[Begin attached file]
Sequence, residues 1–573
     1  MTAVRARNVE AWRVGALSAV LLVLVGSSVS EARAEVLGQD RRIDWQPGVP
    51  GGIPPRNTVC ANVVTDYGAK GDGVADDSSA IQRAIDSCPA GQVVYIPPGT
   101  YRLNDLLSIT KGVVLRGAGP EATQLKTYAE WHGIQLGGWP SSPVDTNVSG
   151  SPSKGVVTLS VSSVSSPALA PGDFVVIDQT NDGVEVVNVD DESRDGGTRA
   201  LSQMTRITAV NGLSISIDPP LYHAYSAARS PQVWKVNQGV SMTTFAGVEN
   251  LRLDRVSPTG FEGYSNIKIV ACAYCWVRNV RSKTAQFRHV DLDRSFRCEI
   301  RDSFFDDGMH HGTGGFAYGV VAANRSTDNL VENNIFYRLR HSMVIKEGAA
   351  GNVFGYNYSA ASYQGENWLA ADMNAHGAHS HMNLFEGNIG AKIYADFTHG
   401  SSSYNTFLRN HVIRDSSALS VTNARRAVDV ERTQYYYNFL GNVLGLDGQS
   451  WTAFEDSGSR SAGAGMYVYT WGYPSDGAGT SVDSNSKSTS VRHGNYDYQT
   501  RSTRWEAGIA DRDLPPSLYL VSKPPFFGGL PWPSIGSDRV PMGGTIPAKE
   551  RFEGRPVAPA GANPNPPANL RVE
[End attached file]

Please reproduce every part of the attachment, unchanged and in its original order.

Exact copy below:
Sequence, residues 1–573
     1  MTAVRARNVE AWRVGALSAV LLVLVGSSVS EARAEVLGQD RRIDWQPGVP
    51  GGIPPRNTVC ANVVTDYGAK GDGVADDSSA IQRAIDSCPA GQVVYIPPGT
   101  YRLNDLLSIT KGVVLRGAGP EATQLKTYAE WHGIQLGGWP SSPVDTNVSG
   151  SPSKGVVTLS VSSVSSPALA PGDFVVIDQT NDGVEVVNVD DESRDGGTRA
   201  LSQMTRITAV NGLSISIDPP LYHAYSAARS PQVWKVNQGV SMTTFAGVEN
   251  LRLDRVSPTG FEGYSNIKIV ACAYCWVRNV RSKTAQFRHV DLDRSFRCEI
   301  RDSFFDDGMH HGTGGFAYGV VAANRSTDNL VENNIFYRLR HSMVIKEGAA
   351  GNVFGYNYSA ASYQGENWLA ADMNAHGAHS HMNLFEGNIG AKIYADFTHG
   401  SSSYNTFLRN HVIRDSSALS VTNARRAVDV ERTQYYYNFL GNVLGLDGQS
   451  WTAFEDSGSR SAGAGMYVYT WGYPSDGAGT SVDSNSKSTS VRHGNYDYQT
   501  RSTRWEAGIA DRDLPPSLYL VSKPPFFGGL PWPSIGSDRV PMGGTIPAKE
   551  RFEGRPVAPA GANPNPPANL RVE